Is law school hard? Yes, without a doubt. But if you have a true passion for the law and are disciplined, organized and motivated, you’ll not only get into law school, but excel. Even though three years is the typical length for and the US, there’s a lot compressed into that short amount of time. Aside from your academic pursuits, which will take up a lot of time (just reading takes up to 30% of a law student’s time), you’ll also have to pursue extracurricular activities that are often required of your degree, such as volunteering at a law clinic or externing at a law firm. So, to put it succinctly, law school might be the biggest challenge of your life, but this article will tell you what past and current law students say about what the life of a law student looks like and what you need to succeed.
Getting into law school is an uneven challenge. You may have the grades, excellent LSAT scores, and the desire, but not enough to pay for your tuition.
You’re looking at anywhere between $17,000 and $20,000 per year in tuition alone. If you factor in other costs, such as rent, food, transportation, healthcare, you’re looking at spending between $40,000 to $60,000 every year to become a lawyer. This one obstacle is what makes many people reconsider whether to go to law school or try another, less-costly path, and dissuades many people, unfortunately.
Maybe the opposite is true for you; you have the money to cover the cost of law school, only you are not sure . Or you’re worried about the relative low and whether you are a competitive enough applicant. Whatever obstacle or challenge is making you think twice about applying to law school, be sure that there are ways to overcome them, which the following section will cover.
Can ChatGPT help you get accepted to law school?
If you have made it into law school, there are a few things you have to adjust to in your first year, such as:
- The amount of reading and memorization
- The grading system
- The Socratic learning method
- Having to analyze and problem-solve
They may be a shock when you first arrive, but you’ll get used to them, and your challenges will change every year. You’ll have the support of your school and faculty if you need help adjusting to the study methods used in law school, which is the case study method. The case study method examines all the relevant details and history of a complex legal case, and it is how you will be introduced to the law at most law schools.
In your first year, you’ll spend most of your time in class, reading, and doing extracurriculars, such as participating in mock trials, working for a law review, or being a member of a student organization. But apart from going to classes and doing your other commitments, to truly succeed at law school, you’ll have to “think like a lawyer”. One of the easiest ways to get into the mindset of a lawyer in your first year is by preparing for your classes ahead of time, which means spending up to 100-150 hours reading per class.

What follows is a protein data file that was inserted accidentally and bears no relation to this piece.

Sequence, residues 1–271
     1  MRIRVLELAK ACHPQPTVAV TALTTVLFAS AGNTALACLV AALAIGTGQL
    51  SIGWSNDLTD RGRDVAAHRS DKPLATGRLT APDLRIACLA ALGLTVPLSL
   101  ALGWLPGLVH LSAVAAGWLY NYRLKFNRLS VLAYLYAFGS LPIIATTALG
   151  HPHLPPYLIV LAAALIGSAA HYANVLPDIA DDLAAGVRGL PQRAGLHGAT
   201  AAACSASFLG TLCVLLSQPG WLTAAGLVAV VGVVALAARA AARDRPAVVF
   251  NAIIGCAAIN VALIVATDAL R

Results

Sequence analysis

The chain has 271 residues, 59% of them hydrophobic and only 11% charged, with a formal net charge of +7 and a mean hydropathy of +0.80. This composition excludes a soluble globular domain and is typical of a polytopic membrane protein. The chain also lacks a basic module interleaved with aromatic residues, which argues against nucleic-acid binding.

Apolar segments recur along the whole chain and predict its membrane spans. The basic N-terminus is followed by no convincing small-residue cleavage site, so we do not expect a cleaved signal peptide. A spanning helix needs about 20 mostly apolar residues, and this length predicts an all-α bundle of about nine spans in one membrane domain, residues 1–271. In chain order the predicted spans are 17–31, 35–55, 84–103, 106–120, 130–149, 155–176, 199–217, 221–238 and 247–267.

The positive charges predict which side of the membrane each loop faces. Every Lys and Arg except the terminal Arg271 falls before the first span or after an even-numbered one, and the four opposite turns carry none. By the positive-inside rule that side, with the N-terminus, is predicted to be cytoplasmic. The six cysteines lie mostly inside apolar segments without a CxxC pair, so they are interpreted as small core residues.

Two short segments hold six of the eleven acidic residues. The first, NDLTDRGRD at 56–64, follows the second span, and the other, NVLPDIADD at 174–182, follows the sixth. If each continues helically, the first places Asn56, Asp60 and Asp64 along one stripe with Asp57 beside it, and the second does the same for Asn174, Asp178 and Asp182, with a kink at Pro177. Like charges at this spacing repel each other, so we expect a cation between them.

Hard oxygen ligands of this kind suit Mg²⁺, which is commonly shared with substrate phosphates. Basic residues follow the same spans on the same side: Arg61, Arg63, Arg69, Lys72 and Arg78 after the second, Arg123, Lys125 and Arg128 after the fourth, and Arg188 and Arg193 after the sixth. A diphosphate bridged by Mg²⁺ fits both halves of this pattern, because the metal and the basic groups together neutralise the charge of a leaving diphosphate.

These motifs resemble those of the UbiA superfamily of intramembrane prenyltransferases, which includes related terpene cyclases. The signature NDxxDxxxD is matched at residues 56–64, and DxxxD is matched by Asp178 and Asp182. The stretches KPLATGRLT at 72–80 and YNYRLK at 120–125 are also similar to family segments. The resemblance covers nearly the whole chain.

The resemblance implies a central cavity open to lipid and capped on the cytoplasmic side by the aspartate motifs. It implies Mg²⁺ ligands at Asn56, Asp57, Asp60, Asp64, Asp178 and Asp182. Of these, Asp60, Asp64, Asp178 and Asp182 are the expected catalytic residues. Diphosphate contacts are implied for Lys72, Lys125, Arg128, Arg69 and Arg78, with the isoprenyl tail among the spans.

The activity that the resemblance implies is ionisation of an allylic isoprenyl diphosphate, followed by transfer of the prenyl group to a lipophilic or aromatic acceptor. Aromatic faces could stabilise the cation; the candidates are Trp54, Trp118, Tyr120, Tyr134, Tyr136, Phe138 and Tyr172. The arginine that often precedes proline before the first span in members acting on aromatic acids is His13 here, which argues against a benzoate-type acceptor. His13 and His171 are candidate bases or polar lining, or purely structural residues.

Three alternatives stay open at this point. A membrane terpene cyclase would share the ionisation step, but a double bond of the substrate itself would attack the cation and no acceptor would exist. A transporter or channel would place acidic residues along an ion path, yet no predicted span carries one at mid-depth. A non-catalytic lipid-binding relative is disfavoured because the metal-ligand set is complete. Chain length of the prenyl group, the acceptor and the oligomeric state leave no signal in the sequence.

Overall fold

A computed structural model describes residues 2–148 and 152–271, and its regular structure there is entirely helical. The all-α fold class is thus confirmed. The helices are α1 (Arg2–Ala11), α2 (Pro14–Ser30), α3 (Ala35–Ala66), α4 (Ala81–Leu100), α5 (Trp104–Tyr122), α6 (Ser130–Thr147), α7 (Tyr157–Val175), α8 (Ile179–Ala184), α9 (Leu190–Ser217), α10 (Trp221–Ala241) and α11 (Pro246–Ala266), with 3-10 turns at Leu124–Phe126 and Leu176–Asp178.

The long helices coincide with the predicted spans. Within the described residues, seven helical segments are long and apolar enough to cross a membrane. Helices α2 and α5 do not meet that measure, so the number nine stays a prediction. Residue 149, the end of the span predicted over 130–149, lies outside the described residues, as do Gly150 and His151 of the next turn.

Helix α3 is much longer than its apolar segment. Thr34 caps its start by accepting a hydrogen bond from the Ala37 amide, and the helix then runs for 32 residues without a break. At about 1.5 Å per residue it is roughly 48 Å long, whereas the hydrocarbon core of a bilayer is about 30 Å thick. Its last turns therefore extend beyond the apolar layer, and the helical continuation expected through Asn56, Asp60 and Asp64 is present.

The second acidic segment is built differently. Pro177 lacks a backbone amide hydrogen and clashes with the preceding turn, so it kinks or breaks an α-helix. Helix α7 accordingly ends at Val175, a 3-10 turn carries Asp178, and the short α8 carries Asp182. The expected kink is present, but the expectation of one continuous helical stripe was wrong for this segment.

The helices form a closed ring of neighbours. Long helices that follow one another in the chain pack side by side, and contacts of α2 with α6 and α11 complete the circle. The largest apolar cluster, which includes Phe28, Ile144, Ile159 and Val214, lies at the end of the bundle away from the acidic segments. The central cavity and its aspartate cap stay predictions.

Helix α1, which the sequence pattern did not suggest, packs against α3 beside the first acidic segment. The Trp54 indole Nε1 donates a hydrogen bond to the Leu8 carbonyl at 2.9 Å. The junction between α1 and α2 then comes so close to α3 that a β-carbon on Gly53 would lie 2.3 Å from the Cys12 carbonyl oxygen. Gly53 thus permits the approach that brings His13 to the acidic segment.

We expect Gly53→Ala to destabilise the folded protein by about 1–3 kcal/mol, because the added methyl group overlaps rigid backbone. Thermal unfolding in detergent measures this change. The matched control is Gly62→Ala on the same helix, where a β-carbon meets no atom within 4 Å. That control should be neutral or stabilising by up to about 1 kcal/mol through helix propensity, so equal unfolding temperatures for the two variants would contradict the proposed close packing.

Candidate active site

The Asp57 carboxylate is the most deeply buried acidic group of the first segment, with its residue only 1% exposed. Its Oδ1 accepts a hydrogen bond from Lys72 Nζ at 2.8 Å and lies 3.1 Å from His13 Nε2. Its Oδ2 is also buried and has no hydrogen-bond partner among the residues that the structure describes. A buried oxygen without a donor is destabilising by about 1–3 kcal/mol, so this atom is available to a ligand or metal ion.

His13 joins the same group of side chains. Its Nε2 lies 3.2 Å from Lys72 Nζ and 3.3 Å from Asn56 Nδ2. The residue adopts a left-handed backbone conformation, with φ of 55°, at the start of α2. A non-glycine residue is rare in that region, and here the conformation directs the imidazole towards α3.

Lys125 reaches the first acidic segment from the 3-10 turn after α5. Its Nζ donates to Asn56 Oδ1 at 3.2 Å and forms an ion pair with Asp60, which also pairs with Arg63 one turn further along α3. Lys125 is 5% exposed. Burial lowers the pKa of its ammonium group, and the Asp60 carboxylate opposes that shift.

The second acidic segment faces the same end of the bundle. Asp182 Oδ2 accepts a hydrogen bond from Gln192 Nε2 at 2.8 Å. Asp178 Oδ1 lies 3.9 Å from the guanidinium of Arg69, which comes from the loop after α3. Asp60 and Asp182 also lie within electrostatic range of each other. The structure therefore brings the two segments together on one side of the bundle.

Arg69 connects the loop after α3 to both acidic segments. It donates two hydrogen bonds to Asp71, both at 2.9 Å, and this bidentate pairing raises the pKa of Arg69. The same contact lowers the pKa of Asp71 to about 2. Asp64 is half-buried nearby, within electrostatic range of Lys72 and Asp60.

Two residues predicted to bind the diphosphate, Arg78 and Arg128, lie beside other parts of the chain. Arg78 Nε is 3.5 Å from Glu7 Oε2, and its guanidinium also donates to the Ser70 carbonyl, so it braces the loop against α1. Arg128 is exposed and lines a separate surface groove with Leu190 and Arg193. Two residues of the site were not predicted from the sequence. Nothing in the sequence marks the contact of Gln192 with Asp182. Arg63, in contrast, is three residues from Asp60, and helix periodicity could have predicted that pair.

Some students take days to prepare for each of their classes, because preparation pays off. You’ll be able to answer questions you’ll be asked in class, and refine your analytical and problem-solving skills through endless case study. Your first-year class schedule depends on the curriculum of your school, but usually first-year law students have to take a list of required courses with one or more electives.
The workload can seem overwhelming, but preparing for your classes is one of the ways you can overcome the other challenges of law school. Making time for yourself during law school is also important and you should find time to do the things you love. You can also use any free time you have to network with professors, alumni or your fellow students to create the connections that will help you in the future.
1. Information Overload
Absorbing all this new information and memorizing it is something that you’ll have difficulty with, but it will get easier the more you do it, and you will do it a lot. However, you’ll also have to start developing your analytical and reasoning skills, since those are part of being a lawyer as well. You have to learn how to take the information you are absorbing and fashion a defense or argument with it, which is different from simple memorization and recall.
2. Grading on a Curve
Law schools grade you differently than you were graded in your undergraduate years. They use a grade curve that will adjust your grade based on the performance of everyone else in your class. This usually means that your grade could be lowered, even if it was initially high, although some professors use the grade curve to increase grades as well. This practice can be frustrating at first, especially if you’re coming from a humanities or social sciences background, where individual achievement is rewarded. However, grading on a curve is a reality of law school that you’ll have to get used to.
3. Finding the Motivation
Can you see yourself reading 100 pages in one night, of a densely-worded legal text from a century ago? Will you be able to handle studying for your finals or doing extra work to catch up to the rest of your class because you had some unexpected setback? If you do see yourself doing these things, then you’ll have to the strength within to keep going during the times when you want to give up.
That’s why preparing for law school is more than knowing , getting your GPA up and finding the money to pay for law school. You’ll also have to have clear goals about what you want to do with your degree, regardless of whether it is in the law or not; how to pay back your loans, and, ultimately, what will make you happy.
Lawyers are a study in contradiction. They have some of the highest levels of work-related stress, take fewer and shorter vacations, and struggle with high levels of student debt. But, according to a recent survey, 71% of legal professionals asked said they would not switch careers. Some of the reasons they give for loving the legal profession include: